Earlier the protesters, who had gathered outside the building since Sunday evening, dared government politicians to pass through their barricades.

"Politicians trying to go in may be hit by slingshots or harmed by some hot-headed people, which would tarnish the country's image"

Chai Chidchob, speaker of Thai parliament

"If they want to go in, they have to walk through us, including the prime minister,'' Chatuporn Prompan, a protest leader, , told reporters.

The protest has sparked fears of renewed unrest in Thailand after months of protests led by the anti-Thaksin People's Alliance for Democracy paralysed the previous government.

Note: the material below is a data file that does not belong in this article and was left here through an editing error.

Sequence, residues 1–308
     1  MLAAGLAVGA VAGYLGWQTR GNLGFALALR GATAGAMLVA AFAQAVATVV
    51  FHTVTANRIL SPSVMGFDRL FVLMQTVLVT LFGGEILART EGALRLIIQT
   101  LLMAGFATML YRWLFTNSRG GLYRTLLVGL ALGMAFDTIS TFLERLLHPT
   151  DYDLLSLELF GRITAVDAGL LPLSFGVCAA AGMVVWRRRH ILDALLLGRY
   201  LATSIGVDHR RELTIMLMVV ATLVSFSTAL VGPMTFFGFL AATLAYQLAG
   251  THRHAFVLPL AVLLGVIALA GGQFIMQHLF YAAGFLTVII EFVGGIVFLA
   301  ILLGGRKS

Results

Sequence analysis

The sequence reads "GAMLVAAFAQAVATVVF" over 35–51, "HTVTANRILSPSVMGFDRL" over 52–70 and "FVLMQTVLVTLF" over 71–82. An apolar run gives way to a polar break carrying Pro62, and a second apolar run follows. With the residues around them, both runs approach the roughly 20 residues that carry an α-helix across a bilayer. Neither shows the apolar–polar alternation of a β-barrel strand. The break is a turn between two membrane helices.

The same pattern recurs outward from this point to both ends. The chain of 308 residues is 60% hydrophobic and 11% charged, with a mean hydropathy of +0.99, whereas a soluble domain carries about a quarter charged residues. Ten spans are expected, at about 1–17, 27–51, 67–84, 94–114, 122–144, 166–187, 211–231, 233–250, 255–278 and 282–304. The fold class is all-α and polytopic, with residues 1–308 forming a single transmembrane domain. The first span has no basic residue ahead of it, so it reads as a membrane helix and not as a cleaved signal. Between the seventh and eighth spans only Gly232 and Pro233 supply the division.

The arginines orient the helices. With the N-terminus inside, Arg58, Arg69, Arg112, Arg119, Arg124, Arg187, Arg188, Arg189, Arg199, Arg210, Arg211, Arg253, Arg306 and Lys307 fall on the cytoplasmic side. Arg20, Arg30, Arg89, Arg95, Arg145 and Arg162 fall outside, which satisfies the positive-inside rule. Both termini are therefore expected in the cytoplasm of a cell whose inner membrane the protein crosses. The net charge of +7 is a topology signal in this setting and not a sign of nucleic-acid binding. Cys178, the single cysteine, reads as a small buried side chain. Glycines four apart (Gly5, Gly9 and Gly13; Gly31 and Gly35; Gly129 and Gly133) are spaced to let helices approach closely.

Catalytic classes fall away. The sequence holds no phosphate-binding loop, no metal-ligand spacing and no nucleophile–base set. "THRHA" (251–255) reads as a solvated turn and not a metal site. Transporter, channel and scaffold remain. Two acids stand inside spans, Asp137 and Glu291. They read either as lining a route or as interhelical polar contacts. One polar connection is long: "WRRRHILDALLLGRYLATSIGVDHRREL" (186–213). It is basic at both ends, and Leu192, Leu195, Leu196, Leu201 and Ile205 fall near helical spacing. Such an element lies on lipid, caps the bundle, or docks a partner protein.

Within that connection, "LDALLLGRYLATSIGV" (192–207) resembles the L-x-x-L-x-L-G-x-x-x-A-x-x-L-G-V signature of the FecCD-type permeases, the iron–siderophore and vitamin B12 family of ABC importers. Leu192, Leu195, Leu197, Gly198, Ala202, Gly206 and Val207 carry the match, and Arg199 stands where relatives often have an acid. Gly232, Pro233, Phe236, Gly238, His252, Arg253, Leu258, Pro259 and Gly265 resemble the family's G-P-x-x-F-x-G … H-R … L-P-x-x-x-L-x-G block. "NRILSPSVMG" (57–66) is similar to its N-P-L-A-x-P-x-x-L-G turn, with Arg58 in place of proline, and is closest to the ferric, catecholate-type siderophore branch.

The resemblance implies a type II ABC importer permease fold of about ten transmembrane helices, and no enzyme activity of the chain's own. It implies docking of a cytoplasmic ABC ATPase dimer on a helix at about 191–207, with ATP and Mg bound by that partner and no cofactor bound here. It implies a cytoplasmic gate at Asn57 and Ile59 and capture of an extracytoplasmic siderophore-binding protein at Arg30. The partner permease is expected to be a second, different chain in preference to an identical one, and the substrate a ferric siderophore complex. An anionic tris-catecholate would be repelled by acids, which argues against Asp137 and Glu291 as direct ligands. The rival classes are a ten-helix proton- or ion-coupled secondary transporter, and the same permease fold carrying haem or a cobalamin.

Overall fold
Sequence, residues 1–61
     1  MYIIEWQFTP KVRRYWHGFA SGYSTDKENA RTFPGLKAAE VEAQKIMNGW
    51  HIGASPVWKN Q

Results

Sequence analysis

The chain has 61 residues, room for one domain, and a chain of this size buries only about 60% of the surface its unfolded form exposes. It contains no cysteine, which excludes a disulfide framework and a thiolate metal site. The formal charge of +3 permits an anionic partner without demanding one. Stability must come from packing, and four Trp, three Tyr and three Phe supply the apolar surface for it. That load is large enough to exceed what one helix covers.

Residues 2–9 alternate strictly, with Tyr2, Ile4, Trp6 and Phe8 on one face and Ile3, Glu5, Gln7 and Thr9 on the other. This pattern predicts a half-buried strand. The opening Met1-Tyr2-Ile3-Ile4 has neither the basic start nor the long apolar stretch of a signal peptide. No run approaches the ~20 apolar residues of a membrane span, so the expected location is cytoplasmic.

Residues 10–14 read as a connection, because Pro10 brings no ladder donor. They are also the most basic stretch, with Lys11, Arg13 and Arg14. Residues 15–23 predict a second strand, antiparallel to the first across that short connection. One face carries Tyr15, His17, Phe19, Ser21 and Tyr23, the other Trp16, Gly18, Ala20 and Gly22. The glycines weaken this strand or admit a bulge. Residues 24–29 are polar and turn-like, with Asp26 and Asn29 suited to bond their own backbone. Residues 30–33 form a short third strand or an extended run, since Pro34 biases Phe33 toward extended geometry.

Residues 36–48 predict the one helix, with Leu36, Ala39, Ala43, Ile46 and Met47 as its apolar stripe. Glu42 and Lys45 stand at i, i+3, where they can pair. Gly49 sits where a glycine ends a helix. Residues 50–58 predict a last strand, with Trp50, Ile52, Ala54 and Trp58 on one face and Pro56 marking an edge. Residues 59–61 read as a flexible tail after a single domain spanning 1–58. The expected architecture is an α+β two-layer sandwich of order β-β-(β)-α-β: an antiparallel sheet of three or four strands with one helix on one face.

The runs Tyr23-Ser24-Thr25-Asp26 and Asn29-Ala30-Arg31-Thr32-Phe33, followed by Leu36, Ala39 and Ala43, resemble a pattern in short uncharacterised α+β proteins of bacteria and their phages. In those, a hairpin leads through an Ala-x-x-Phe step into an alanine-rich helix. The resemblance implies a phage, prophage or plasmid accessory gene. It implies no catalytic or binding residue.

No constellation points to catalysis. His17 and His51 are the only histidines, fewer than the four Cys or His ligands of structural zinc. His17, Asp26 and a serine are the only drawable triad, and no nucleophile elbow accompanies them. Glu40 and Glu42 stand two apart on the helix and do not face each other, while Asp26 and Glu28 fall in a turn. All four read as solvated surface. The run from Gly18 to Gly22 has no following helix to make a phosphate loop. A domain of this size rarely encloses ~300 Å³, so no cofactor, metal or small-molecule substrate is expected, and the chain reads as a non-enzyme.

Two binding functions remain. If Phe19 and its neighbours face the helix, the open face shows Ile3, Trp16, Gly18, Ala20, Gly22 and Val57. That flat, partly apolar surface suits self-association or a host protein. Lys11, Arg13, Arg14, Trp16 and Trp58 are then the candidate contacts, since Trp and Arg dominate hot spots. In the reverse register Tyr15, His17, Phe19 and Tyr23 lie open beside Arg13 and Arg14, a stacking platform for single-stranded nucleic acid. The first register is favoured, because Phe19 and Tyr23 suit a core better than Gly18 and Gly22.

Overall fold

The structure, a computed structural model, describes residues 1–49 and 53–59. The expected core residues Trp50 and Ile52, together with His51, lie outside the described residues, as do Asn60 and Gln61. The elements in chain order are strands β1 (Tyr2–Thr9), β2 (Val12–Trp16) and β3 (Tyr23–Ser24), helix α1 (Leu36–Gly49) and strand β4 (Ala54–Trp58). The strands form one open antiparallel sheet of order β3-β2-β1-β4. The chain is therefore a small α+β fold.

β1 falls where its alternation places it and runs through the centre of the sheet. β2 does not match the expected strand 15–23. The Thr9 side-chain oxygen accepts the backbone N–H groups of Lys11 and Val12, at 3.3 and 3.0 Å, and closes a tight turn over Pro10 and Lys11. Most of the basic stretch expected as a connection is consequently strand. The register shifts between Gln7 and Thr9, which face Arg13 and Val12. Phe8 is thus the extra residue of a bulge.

Those protests climaxed with an eight-day seizure of Bangkok's airports, virtually shutting down air links to the country and costing the Thai economy millions of dollars in lost earnings.

The group behind the current protests, which calls itself the Democratic Alliance against Dictatorship, is hoping to pressure the government to dissolve the parliament and call snap general elections.

It says Abhisit – Thailand's third prime minister in the space of just four months - came to power in a virtual coup d'etat.

Many of the protesters outside the parliament building in Bangkok carried signs reading "Give us back real democracy" and "Government of treason".